(AMCA) that responsible for cultural affairs, and efforts to promote cultural
diplomacy are supported by the ASEAN Foundation which is complementing the
Secretariat in meeting ASEAN’s objectives and priorities as been underlined
under the framework of Memorandum of Understanding on the Establishment of the
ASEAN Foundation.  She argued that
although ASEAN has yet to found a particular regional cultural policies since
each member states has their respective unique culture and implementing their
national interest, ASEAN members had organized programs and activities by
emphasizing people-to-people engagements.

            In
addition to that, she defined that the ASEAN Socio-Cultural Community Blueprint
highlighted that the foundation for ASEAN Community is the people-centered
initiatives, by taking into account that the prominence of multilink cultural
relationship by involving the roles of Government-to-Government and
people-to-people collaborations is vital in ensuring the spread of cultural
values across the region. Indraswari provided some occasions to supported her
case on cooperation between state and non-state actors in delivering cultural
diplomacy in ASEAN, one is the ASEAN Youth Camp (AYC) co-organized by the ASEAN
Committee on Culture and Information (COCI) Sub-Committee on Culture together
with the member states and other ASEAN agencies, which is an annual event to
promote stronger sense of belongingness in the community with emphasize on
attracting youth participations. Other example of collaborations are such as
the organizing of ASEAN Cultural Week, ASEAN Best Performing Arts, and the
ASEAN Cultural Show and Exhibition.

Indraswari also provided
example from Indonesia on state-led cultural diplomacy where the collaboration
between the ASEAN Secretariat together with the Ministry of Tourism and
Creative Economy organized the ASEAN Fair and ASEAN Jazz Festival during the
Indonesian Chairmanship back in 2011. She claimed that these efforts are the
few attempts to uphold diverse cultural image in ASEAN and believed that this
activities helped in the exchange of interest and propagates the socialization
process among the ASEAN people. She also highlighted occasion of private
corporations participated in the ASEAN cultural diplomacy in publishing the
“ASEAN Today” program broadcasted in Indonesian TV channel of Metro TV, which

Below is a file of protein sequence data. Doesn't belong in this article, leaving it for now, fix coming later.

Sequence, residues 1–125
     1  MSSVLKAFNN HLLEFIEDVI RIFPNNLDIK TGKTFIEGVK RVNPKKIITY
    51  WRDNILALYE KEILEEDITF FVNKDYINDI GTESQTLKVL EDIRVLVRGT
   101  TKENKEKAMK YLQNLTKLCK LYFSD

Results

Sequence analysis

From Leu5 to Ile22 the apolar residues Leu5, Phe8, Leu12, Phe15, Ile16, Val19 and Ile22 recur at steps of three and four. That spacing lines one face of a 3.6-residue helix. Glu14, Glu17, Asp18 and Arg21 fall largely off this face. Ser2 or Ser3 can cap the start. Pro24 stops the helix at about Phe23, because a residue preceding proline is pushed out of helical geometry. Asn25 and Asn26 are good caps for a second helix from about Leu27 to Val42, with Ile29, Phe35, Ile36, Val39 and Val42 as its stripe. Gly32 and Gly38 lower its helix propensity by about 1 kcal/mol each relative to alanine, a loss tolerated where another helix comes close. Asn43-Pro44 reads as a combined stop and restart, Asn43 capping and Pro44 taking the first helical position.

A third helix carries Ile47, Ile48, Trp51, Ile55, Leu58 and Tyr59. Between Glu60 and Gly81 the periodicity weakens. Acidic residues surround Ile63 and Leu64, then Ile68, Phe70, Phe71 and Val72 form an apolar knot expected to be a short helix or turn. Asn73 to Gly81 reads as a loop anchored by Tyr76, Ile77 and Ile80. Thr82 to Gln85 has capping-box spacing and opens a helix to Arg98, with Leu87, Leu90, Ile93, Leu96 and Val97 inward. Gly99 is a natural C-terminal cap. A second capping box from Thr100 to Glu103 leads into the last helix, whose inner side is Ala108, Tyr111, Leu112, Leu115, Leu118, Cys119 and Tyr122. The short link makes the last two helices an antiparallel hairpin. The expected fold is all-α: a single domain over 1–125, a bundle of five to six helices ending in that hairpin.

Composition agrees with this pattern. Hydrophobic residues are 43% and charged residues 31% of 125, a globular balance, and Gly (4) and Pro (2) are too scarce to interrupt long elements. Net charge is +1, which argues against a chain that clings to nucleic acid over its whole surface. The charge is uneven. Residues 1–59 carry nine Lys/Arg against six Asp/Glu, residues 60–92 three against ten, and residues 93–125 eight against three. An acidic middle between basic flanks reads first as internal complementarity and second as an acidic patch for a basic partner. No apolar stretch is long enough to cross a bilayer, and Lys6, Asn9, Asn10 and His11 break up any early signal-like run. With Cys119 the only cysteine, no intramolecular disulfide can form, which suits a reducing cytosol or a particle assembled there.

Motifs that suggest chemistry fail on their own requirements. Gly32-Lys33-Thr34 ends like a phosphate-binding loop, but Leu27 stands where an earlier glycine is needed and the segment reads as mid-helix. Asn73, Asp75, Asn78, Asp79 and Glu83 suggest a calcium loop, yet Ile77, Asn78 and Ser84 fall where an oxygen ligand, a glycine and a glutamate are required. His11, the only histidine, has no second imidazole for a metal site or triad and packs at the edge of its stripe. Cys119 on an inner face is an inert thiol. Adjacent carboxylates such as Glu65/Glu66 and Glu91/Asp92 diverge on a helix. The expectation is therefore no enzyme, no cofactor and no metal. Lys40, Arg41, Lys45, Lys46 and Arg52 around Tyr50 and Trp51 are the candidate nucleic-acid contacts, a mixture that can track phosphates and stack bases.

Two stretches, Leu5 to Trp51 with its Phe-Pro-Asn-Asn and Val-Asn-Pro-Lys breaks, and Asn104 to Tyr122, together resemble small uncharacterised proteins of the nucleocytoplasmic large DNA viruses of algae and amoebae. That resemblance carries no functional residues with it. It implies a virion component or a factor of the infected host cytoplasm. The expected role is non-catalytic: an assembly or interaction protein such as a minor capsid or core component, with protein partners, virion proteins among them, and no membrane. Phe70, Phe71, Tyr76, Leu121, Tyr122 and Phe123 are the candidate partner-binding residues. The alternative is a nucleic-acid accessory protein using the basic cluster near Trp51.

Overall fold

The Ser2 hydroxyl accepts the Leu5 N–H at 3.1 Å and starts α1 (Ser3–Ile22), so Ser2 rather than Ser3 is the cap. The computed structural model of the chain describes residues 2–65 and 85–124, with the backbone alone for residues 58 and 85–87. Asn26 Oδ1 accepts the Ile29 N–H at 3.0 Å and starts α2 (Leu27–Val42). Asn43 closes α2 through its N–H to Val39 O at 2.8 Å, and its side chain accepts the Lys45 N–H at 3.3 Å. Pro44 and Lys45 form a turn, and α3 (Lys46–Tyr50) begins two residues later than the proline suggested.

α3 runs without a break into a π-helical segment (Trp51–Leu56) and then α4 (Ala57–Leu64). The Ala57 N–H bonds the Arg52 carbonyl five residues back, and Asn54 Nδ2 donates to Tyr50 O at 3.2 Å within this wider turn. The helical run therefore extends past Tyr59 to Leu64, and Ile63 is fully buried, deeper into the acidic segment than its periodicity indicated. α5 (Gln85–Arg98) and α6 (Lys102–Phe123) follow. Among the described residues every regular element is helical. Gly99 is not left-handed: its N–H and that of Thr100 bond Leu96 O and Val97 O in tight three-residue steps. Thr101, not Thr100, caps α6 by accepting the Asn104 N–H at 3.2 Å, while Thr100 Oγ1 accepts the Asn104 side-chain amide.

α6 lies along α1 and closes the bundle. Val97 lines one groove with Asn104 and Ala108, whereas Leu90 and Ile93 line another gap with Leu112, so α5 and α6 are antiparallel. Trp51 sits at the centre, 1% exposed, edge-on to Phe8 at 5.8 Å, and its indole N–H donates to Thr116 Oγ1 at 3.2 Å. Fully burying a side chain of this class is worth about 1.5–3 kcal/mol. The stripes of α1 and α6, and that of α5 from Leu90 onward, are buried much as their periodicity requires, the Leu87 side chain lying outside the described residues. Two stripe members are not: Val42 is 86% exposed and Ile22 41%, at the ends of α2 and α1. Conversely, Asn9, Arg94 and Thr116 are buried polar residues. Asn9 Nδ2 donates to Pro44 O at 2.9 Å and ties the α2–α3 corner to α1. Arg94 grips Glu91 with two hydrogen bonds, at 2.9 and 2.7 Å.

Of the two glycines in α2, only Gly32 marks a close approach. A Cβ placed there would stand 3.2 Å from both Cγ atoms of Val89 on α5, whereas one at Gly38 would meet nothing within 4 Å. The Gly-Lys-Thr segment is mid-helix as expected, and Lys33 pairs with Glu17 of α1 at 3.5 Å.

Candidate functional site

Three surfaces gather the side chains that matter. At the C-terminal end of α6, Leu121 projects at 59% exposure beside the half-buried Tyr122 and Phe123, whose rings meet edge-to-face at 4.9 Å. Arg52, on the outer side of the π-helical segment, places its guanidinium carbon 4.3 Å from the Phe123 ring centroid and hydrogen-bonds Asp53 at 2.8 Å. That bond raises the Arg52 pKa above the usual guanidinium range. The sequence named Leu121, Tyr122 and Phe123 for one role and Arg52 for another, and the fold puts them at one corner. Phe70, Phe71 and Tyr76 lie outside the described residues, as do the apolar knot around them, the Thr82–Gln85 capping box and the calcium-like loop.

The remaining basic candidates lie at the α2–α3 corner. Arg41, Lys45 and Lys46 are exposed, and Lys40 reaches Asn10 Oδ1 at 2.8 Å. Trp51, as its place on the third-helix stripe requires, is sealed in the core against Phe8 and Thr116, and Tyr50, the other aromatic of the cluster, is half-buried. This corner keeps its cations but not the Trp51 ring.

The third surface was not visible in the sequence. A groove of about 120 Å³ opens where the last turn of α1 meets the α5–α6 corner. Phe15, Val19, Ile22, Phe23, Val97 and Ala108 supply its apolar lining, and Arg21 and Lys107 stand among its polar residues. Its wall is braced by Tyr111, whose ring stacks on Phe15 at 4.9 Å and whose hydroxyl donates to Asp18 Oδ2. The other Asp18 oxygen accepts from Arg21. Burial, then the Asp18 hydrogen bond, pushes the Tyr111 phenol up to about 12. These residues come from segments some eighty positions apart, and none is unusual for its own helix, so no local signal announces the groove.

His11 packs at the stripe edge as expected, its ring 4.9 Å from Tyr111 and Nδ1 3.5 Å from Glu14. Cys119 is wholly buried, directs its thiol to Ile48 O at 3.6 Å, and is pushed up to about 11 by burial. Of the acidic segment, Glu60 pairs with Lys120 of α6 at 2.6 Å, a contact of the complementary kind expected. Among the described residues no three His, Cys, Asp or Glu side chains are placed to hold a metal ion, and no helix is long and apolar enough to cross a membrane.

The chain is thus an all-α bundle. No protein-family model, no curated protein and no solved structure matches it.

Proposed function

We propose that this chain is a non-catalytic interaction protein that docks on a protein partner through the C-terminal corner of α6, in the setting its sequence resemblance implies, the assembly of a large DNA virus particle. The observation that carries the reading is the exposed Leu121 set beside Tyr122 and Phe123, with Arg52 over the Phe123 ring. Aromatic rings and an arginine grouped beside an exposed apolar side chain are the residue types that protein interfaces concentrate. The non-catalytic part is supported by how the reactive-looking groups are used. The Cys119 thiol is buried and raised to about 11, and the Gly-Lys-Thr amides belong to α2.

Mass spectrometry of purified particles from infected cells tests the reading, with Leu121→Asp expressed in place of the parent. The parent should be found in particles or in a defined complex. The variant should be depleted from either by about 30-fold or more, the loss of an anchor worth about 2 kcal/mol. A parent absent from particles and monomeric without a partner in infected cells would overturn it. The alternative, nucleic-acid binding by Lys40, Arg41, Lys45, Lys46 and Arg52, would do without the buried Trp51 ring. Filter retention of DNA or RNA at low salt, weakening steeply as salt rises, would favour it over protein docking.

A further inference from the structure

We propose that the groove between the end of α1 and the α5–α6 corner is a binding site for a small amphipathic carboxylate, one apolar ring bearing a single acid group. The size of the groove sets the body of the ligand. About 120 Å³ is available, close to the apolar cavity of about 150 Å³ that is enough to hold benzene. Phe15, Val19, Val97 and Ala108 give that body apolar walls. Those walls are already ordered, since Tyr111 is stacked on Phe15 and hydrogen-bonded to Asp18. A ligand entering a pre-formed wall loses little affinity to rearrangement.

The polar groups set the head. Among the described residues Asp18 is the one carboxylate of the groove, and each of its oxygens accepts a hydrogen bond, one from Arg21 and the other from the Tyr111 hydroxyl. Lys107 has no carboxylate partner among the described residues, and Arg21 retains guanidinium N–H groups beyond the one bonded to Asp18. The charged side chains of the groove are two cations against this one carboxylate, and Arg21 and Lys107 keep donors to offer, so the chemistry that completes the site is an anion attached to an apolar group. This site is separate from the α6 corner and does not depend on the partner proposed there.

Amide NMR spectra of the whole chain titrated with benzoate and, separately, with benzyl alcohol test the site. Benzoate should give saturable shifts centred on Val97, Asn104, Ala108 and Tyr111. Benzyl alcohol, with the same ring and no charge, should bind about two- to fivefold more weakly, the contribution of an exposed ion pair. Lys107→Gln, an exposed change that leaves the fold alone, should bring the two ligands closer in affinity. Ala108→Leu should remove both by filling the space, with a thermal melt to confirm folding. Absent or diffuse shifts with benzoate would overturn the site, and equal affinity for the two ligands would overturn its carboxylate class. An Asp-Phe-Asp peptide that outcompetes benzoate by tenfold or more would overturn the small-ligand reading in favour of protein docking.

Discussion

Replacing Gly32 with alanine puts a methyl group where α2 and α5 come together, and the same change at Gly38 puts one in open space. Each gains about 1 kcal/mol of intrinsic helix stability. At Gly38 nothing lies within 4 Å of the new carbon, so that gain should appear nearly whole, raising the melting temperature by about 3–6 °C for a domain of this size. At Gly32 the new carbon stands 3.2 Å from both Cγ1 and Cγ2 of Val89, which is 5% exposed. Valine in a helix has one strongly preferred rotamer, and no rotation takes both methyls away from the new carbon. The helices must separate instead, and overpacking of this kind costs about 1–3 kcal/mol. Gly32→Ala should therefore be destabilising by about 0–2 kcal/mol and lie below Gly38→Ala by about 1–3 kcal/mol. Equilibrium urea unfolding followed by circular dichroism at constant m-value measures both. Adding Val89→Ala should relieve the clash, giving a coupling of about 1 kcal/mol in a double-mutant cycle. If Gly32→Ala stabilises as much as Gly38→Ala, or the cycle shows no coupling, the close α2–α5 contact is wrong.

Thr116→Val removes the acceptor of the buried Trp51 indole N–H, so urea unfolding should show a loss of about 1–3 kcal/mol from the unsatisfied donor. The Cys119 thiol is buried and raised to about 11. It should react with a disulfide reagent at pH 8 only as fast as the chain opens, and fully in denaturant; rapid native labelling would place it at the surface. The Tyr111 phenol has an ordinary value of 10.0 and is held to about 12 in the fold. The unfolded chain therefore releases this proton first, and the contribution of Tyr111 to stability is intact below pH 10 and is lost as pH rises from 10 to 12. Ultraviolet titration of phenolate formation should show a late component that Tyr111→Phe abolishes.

was supported by the ASEAN Secretariat, ASEAN Indonesia and AirAsia as their
main partners.  Also the promotion of
puppetry programs through the initiatives of Puppetry Symposium, Dialogues and
Festival by the ASEAN Cultural Heritage and co-funded by the Japan-ASEAN
Solidarity Fund in order to preserve varied Southeast Asian arts and cultural
heritages.

Comments

Indraswari wished to underline collaborative
efforts and initiatives taken by the ASEAN Secretariat in driving cultural
diplomacy as an instrument to strengthen mutual cooperation among member states
in political, economic, social and defense capacities. The ASEAN Secretariat
was firmly built based on the three pillars that caters the capacities
respectively, with the involvement of individual member states and other
non-state actors such as private corporations and joint foundations. It
believed that cultural diplomacy is a tool for smart power by combining hard
and soft elements. Among the advantages of implementing cultural diplomacy in
ASEAN are supporting dialogues in building trust, increasing insights among the
people, and can be adopted during conflict and tension periods. However, the
author lacked on addressing the real situation challenges and limitations of
practicing cultural diplomacy.

            The author further discussed on the
function of ASEAN Community besides bringing together the people of ASEAN as an
integrated society, it also provided platforms for cultural socialization and
interaction that may accelerate for regional partnership. The roles of state
and non-state actors are vital in driving for founding the community through
government-to-government and people-to-people collaboration in spreading
cultural values into the region. ASEAN emphasized on arts and performances as a
mean to promote and enhances the image of diversified culture in the region
like music, exhibition, puppetry and TV programs. Indraswari also agreed that by
organizing youth participations in summer camp is the best way to attract their
involvement at the same time a sense of community and appreciation of other
heritage can develop. She also supported the participation of external
foundation and corporate enterprises in co-funding cultural programs hosted in
the region besides utilizing the Secretariat’s budgetary. (1607 words)